Web Hosting plan prices range from “free” to over $200 per month. We would like to stress that the web host price is not the most important issue. The first priority is to make sure the web host plan you pick meets your requirements for your website to properly function now and in the case of expansion in the near future. For any web hosting you pay for, our advice is: Disregard the advertised price. You have to look at the plan you pay for to make sure it will accommodate all of your needs. Why use “free” and then have to pay for every additional function you need to add? This can add up pretty quickly and a needed function may not be available when you need it.
Web Host Pricing
When looking at the plans, find the actual cost of the plan, not the advertised price. Some web hosts will advertise, “$5.95 per month”, but when you look at the plan closer, you may find that “$5.95 per month” is good only if you pay for 2-5 years up front or contract for an extended period of time.
Most web hosts require you pay for a specific period up front, while others have you pay monthly. Check to see what the set-up cost is going to be since that will be an additional cost. Once you have the information you find for one web host, we would recommend that you check out at least 3 more. Then compare plans you have found and see who has most functions available at the best price.
Several Things to Look For
There are some basic things you want to look at. Some of these are, but not limited to: Applications, customer service, technical support, downtime, bandwidth, and storage space. We will cover these very briefly and what you want to look for.
Applications. For simplicity, these are “programs” that can be run or used on your website. Here are some things to consider:
- If your website needs a shopping cart, is it available through the plan?
- If you want to make some changes to your website, is a content management system (CMS) easily available and included?
- Will you need to install applications yourself or does the web host do this for you?
Customer Service. Is customer service available 24 hours a day, 7 days a week? If customer service is only available Monday through Friday, you may have to wait until they are available when you have a problem. Having to call on Saturday, leave a voicemail and then wait for someone to respond hopefully on Monday is not a good idea if you are running a business website. Look to see what hours they are open as well. There is nothing like having to call at 6:00 pm because your account “dropped”, only to find out they are in a different time zone and not open until the next day or week.
Technical Support. Just like Customer Service, do they have limited days and times? Murphy’s Law says if they do, you will have your website break 2 minutes after they close. Another thing to look for when dealing with technical support is how they handle requests. If the only way they will allow you to contact them is to complete a “ticket”, that puts you on hold until they respond. Ideally, you want someone who is readily available 24/7, especially if their server goes down or if your website suddenly becomes unavailable for an unknown reason. They should have an easy to find phone number to call, an email address to send to, and their hours posted.
Downtime. There is a difference between maintenance downtime and sudden disappearances of your website. Ask if the web host will notify you in advance of maintenance downtime and if it will affect your website. Find out how often they shut down for maintenance, i.e., monthly, quarterly, etc. See if they have backup servers and where they are located. It would also be a good idea to ask about their security.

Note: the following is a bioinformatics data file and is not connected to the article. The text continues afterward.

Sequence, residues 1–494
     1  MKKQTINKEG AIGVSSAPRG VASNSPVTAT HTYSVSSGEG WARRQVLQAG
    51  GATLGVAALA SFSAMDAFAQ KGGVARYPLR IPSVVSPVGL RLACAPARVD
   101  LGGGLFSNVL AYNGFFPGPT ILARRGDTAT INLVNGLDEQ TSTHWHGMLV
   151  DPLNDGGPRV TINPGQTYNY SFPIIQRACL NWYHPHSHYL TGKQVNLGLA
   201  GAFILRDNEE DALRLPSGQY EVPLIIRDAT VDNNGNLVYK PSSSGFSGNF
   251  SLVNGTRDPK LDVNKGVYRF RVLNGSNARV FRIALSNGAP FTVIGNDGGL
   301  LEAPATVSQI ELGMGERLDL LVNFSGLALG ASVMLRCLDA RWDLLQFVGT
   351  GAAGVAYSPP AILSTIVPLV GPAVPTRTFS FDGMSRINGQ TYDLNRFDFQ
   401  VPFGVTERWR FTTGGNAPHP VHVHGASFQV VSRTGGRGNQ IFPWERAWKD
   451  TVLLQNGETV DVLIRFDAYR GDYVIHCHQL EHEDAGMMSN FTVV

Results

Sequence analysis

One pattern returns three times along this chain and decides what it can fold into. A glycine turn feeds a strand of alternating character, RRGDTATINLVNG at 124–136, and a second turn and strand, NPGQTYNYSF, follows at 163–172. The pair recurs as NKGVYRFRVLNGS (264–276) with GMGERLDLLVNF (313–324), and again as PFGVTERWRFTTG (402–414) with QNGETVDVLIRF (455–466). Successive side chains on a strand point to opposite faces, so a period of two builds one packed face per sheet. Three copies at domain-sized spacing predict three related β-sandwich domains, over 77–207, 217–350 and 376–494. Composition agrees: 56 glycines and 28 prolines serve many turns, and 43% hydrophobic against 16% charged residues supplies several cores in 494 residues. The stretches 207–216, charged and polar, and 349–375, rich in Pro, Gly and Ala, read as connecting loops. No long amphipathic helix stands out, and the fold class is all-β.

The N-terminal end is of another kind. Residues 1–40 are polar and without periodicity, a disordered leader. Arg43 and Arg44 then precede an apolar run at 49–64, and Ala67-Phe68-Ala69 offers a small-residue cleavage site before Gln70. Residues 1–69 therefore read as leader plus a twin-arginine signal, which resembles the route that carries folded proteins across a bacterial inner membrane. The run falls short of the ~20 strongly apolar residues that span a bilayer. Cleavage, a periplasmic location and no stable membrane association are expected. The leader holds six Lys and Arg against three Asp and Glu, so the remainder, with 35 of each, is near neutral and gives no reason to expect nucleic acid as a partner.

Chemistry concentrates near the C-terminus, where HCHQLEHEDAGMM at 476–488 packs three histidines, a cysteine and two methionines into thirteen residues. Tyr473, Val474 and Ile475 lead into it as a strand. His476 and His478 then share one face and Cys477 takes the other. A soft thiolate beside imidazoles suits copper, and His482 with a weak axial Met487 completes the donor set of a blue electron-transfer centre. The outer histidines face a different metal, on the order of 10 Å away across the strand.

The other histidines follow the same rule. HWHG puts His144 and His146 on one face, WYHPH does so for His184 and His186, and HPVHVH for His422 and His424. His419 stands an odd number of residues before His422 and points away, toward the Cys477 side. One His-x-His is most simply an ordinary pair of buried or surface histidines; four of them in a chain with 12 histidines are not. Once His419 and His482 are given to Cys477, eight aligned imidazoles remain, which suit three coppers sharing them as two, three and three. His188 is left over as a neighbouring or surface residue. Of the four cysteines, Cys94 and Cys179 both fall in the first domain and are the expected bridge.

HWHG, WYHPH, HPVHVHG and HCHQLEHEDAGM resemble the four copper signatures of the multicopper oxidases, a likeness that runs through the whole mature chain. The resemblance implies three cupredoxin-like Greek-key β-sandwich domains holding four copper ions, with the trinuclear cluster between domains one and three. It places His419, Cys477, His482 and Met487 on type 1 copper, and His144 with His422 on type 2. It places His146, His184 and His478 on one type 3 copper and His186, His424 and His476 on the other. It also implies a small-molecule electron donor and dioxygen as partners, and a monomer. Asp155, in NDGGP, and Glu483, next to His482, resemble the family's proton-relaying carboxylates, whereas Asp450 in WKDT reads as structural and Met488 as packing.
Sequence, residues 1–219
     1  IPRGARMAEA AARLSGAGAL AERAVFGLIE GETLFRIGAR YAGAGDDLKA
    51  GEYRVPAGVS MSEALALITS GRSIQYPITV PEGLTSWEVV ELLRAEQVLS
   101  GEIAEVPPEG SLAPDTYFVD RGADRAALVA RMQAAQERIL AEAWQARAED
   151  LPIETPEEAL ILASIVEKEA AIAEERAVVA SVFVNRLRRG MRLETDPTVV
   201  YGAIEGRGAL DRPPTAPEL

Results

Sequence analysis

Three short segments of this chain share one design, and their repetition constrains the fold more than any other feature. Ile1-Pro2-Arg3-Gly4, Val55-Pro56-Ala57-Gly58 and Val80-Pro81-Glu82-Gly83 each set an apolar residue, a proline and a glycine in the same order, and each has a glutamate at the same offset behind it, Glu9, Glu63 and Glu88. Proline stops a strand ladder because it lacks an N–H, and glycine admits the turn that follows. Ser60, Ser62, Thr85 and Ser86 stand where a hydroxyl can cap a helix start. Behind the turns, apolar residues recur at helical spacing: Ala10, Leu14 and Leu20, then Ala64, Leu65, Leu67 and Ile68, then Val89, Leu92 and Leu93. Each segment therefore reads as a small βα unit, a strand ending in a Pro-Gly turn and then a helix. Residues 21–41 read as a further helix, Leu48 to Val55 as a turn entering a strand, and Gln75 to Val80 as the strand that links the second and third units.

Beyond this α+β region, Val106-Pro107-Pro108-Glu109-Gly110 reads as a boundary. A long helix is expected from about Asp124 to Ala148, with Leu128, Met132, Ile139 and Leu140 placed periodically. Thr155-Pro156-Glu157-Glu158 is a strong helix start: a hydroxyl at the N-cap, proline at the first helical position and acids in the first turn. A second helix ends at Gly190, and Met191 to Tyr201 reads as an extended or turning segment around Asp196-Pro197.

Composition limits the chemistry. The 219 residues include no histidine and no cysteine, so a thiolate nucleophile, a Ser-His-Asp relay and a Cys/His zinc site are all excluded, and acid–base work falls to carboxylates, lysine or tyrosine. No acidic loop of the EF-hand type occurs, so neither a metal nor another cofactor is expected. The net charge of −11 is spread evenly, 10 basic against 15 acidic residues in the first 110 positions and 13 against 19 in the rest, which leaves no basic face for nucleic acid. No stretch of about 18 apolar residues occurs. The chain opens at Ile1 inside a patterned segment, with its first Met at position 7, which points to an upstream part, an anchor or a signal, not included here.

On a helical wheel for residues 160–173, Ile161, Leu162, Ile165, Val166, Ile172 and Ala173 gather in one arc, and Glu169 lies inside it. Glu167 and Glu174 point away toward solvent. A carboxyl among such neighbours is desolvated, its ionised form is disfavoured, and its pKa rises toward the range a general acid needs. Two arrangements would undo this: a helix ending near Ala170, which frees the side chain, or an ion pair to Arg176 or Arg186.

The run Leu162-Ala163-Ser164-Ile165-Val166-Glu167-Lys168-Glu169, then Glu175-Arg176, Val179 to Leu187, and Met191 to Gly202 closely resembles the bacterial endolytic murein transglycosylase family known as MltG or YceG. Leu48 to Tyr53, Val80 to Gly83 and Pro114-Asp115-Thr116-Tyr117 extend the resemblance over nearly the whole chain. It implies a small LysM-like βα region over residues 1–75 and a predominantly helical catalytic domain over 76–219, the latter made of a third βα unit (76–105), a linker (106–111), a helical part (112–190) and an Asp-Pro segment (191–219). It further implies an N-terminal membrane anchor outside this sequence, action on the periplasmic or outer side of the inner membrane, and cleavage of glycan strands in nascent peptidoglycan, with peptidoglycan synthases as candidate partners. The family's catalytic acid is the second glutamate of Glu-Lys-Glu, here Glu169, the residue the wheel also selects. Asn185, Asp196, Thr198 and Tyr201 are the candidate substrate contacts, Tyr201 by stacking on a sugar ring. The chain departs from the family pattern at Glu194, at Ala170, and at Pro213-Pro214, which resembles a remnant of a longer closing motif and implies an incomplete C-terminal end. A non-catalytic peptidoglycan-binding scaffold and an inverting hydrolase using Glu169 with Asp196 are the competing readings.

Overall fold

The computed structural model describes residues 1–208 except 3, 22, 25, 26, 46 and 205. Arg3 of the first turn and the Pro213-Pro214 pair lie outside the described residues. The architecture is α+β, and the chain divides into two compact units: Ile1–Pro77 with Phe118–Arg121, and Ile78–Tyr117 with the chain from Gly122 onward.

Bandwidth. The higher the bandwidth you can get in your plan the better, especially if you are going to have music or videos on your website or items your visitors can download. You want to keep in mind that you, more than likely, will have multiple visitors on your website at any given time. All of these eat up bandwidth. Just keep in mind that if you exceed bandwidth in your plan, you might wind up paying more money, or worse, get your website shut down.
General consensus says most websites and small businesses won’t require more than 1GB bandwidth. To be sure, check with your web designer, especially if you will allow visitors to download files. The items listed in “disk space” below can affect your bandwidth requirements as well. (We’ll post a blog on bandwidth shortly.)
Storage Space. This one is a little tricky, if you are going to store music files or a large amount of photos on your website. As a suggestion, here are some of the things you need to consider:
- The total size of your website files added together, usually measured by kilobyte (KB).
- Size of the applications you may install on your website now plus estimated size of ones you may add later.
- Total of the estimated size of email files you are going to store online. (Keep in mind those attachments!)
- Total size of the files you are going to upload or allow visitors to download.
- Total of the sizes of photos you are going to upload on your website if not already included with your website now.
- The size of your back up files, if you are considering backing up files online.
Note: The larger and more established web hosts backup server files on a regular basis and usually have each completed backup available to you for a limited time.
That covers only some of the basics to consider when paying for a web host. To save a lot of stress later, research and compare plans first. Don’t consider “free web hosting” as an automatic benefit, especially if you have to pay to add anything else. Ask your web designer for help and don’t be afraid to ask the web host questions before you pay. Simply make sure you know what you getting for your money.